What We Do

bigblackbooks is an Afroliterary platform and publication here to pay Black readers, writers, authors, and publishers their literary dues.

FEATURED

Dear Black Girl: Letters from Your Sisters on Stepping Into Your Power by Tamara Winfrey Harris gives encouragement to Black girls at the time they need it the most

Have you ever read a book and just knew that it was going to be an experience you would remember forever? Have you ever read a book, got a little way into it, and already started recommending it to everyone you knew? It doesn’t happen often, but there is something so special about when it does. Dear Black Girl: Letters from Your Sisters on Stepping Into Your Power was just that for me.

The title of Dr. Inger Burnett-Zeigler’s Nobody Knows the Trouble I’ve Seen is a phrase that masks the internal woes of existing as a Black woman in the world

Nobody Knows the Trouble I’ve Seen reminds Black women that we are not superheroes, thus we should not treat ourselves or allow others to treat us as such. Sometimes you don’t realize that you have not been advocating for yourself until you see the proof on the page. Well, Burnett-Zeigler has written 256 pages to remind Black women to take care of ourselves. As a trauma-informed therapist, it is wonderful to see the work I do affirmed by another Black woman.

Accra Noir: Crime in a city of stories, legends, and allegories

Accra Noir, an Akashic Books anthology reissued by Cassava Republic, comprises the work of some of Ghana’s most talented writers. Edited by Nana-Ama Danquah, Accra Noir’s writers spin a complex and fantastical web of love, intrigue, drama, and crime. Much like Accra itself, these stories are not always what they seem.

Tami Charles’ Muted explores the music industry’s dark side

Muted is the perfect verse novel for fans of Elizabeth Acevedo. A fast-paced coming-of-age story about music, the loss of innocence, and the dangers lurking in the shadows of the entertainment industry, it is the type of story that feels slightly too real and leaves you thinking long after you’re done reading. 

Nadifa Mohamed’s The Fortune Men centres humanity in the midst of tragedy and injustice

The Fortune Men is a historical fiction set in 1950s Cardiff that explores the real and distressing story of Mahmood Mattan, the last innocent man to be hanged in Wales. After being accused of murder, Mahmood faces a legal system determined to find him guilty.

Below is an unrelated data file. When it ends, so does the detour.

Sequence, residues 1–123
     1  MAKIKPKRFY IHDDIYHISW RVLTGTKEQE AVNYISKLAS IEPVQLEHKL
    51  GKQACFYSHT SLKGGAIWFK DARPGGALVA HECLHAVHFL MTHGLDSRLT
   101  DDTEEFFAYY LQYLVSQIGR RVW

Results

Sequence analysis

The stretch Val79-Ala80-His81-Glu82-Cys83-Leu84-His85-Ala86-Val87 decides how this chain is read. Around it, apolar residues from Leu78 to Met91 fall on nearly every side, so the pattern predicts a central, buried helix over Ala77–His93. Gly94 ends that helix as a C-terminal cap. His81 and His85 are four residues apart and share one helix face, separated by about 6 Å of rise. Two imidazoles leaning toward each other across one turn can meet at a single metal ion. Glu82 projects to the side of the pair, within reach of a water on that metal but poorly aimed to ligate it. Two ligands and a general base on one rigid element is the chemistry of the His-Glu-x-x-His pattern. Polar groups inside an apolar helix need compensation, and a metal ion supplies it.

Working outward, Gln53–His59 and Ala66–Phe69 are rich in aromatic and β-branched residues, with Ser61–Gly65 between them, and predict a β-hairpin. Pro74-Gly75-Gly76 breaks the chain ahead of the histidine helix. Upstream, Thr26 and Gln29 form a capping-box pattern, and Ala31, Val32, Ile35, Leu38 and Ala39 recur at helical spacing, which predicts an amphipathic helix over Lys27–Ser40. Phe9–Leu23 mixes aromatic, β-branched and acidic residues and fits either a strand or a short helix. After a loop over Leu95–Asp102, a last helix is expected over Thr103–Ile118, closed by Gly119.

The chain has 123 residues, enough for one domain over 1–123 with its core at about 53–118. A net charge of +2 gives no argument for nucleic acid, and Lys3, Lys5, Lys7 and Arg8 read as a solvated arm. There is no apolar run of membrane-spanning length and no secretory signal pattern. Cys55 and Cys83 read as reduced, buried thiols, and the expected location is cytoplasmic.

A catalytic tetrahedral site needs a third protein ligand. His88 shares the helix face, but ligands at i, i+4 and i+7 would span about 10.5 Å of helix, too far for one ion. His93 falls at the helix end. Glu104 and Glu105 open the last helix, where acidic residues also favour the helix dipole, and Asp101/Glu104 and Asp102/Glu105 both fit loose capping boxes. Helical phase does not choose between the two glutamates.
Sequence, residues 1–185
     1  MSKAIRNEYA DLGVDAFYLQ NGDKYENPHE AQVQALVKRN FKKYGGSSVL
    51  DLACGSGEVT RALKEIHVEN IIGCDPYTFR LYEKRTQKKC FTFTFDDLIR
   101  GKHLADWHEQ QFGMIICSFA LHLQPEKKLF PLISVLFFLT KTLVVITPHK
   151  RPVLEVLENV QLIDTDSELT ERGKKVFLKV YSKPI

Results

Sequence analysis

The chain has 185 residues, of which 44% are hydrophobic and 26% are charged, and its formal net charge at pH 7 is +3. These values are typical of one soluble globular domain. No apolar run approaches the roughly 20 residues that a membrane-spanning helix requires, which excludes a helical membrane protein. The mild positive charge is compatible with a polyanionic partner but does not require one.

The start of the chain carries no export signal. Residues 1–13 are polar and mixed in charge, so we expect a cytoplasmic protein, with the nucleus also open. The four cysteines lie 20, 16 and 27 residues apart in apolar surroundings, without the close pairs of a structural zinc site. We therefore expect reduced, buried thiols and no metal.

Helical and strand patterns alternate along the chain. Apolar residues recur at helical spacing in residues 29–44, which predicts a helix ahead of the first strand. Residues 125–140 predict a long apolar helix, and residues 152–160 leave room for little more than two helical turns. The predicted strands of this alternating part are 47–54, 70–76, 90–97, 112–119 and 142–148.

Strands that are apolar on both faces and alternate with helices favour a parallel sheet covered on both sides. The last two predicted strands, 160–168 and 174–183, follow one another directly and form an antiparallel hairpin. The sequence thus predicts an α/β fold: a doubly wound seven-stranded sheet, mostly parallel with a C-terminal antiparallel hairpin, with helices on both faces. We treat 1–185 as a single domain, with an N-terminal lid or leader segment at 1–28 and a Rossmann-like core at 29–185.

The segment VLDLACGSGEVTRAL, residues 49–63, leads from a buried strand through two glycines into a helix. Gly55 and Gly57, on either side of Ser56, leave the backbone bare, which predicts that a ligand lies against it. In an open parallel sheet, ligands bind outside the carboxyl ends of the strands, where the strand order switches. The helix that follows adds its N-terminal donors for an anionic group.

INTERVIEWS

"I am not a planner": A conversation with Chibundu Onuzo

On a sweltering and slow Monday morning in mid-June, I had the privilege of chatting to the fresh-faced Chibundu Onuzo over Zoom a few days after the publication of her third novel, Sankofa.

"Black queerness gives us space to imagine": A conversation with Hari Ziyad

Bestselling author of the debut memoir titled Black Boy Out of Time talks at length about the limitations of writing, community care, the role of theory, and the global publishing industrial complex.

ESSAYS

How Nana Darkoa Sekyiamah The Sex Lives of African Women will set you free

I started this brilliant book voraciously, stealing a few pages while waiting on the bus and a couple more when in line at the grocery store. The Sex Lives of African Women is a safe space: it is pure, unadulterated freedom, somehow magically distilled and transformed into a 304-page book.

All I want for Christmas is the death of lazy, "diversity" language

As the vengeful child of that late twentieth century’s identifier “political blackness” and the climate of strategic essentialism its legacy left behind, the publishing industry’s current approach to diversity is—by its very naturerooted in generality and therefore cultural ignorance.

The publishing industry cannot continue to hide its anti-Blackness behind #BlackBestSeller

Instead of wondering when and what Colson Whitehead’s latest will be, readers should be asking how these Black-authored titles would be different if they were also Black-edited, Black-designed, and Black-publicised.

REVIEWS

The Perfect Nine is the first-ever title originally written in an African language longlisted for the Booker

A modern take on the origin story of Kenya’s Gĩkũyũ people, The Perfect Nine is one of those rare books about history that has, itself, made history.

Deadly Sacrifice brings us the first Black female police detective in UK fiction

A unique thriller that dives deep into the world of human trafficking and African ritual sacrifices, Deadly Sacrifice is based on the true 2001 news story in which a Black boy’s torso was found in the Thames.

Black Girl Finance: Let’s Talk Money offers us the vital tools we need for better financial well-being

Within a swarm of finance books like Rich Dad Poor Dad and How to Get Rich, it’s been difficult to find a beginner-friendly finance book that speaks directly to me. As a 23-year-old woman from a black single-parent household, Black Girl Finance finally made me feel seen.